The undead are very much alive in contemporary entertainment and lore. Indeed, vampires and zombies have garnered attention in print media, cinema, and on television. The vampire, with roots in medieval European folklore, and the zombie, with origins in Afro-Caribbean mythology, have both undergone significant transformations in global culture, proliferating as deviant representatives of the zeitgeist. As this volume demonstrates, distribution of vampires and zombies across time and space has revealed these undead figures to carry multiple meanings. Of all monsters, vampires and zombies seem to be the trendiest--the most regularly incarnate of the undead and the monsters most frequently represented in the media and pop culture. Moreover, both figures have experienced radical reinterpretations. If in the past vampires were evil, blood-sucking exploiters and zombies were brainless victims, they now have metamorphosed into kinder and gentler blood-sucking vampires and crueler, more relentless, flesh-eating zombies. Although the portrayals of both vampires and zombies can be traced back to specific regions and predate mass media, the introduction of mass distribution through film and game technologies has significantly modified their depiction over time and in new environments. Among other topics, contributors discuss zombies in Thai films, vampire novels of Mexico, and undead avatars in horror videogames. This volume--with scholars from different national and cultural backgrounds--explores the transformations that the vampire and zombie figures undergo when they travel globally and through various media and cultures.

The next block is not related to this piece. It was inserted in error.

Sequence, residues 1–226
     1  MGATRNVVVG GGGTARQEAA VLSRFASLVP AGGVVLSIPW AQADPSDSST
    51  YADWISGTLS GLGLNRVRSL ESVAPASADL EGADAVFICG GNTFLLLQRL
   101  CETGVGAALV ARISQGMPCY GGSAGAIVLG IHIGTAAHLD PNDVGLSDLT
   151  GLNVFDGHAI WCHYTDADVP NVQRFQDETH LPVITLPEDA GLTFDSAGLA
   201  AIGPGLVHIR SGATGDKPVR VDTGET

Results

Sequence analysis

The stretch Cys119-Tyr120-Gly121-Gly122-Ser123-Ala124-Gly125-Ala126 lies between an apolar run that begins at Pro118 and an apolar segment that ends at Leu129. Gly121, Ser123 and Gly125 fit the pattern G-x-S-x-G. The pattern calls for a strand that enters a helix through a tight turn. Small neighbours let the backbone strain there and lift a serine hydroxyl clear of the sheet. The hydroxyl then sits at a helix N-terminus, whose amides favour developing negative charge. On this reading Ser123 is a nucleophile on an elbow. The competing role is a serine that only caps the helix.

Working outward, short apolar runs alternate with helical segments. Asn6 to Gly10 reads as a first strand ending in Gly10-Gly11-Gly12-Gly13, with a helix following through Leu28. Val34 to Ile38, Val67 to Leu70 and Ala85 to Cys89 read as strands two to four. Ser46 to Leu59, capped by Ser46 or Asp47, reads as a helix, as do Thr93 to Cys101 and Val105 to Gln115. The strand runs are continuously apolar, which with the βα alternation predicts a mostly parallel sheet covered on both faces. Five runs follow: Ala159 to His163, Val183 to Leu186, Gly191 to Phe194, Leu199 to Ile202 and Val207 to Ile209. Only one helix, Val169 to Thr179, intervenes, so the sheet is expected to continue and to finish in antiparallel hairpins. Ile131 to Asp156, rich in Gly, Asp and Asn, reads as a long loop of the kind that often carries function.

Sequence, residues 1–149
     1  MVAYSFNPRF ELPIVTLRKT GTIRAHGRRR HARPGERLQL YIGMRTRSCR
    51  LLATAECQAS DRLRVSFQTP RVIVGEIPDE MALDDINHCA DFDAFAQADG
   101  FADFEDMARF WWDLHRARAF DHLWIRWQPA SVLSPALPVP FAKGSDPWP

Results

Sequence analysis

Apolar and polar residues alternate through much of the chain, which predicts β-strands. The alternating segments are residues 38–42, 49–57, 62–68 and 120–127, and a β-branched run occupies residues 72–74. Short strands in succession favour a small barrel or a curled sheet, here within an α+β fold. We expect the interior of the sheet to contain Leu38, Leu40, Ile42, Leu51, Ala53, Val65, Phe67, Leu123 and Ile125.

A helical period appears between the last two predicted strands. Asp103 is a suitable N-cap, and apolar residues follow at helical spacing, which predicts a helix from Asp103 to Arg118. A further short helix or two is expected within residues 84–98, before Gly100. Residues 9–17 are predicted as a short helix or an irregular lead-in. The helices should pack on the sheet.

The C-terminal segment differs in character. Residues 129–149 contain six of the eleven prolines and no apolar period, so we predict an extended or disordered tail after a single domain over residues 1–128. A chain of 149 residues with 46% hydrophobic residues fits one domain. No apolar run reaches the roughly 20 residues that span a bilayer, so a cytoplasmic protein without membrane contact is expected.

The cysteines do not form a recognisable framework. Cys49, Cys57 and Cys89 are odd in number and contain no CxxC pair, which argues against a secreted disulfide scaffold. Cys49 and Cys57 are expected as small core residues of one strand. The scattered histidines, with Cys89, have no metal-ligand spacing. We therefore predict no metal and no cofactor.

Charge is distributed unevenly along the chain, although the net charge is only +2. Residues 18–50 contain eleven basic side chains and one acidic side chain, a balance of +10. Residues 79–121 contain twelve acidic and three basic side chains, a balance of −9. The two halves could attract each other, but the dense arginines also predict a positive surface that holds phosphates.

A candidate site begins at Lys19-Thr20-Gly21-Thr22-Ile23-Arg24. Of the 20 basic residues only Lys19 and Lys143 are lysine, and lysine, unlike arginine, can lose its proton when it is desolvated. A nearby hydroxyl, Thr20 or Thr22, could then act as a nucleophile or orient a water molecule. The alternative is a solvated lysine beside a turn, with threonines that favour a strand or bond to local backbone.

Not so long ago zombies rarely shuffled out of B-grade horror movies and cult comic books, but today they are everywhere. Zombies are proliferating, demonstrating an extraordinary capacity to transport fluidly from genre to genre, from the apocalyptic future to the already survived past, and in and out of fictional form. Today they can be found in just about any genre or discourse and as they move sinuously across the cultural landscape they keep morphing; taking on ever new and ever more bizarre associations.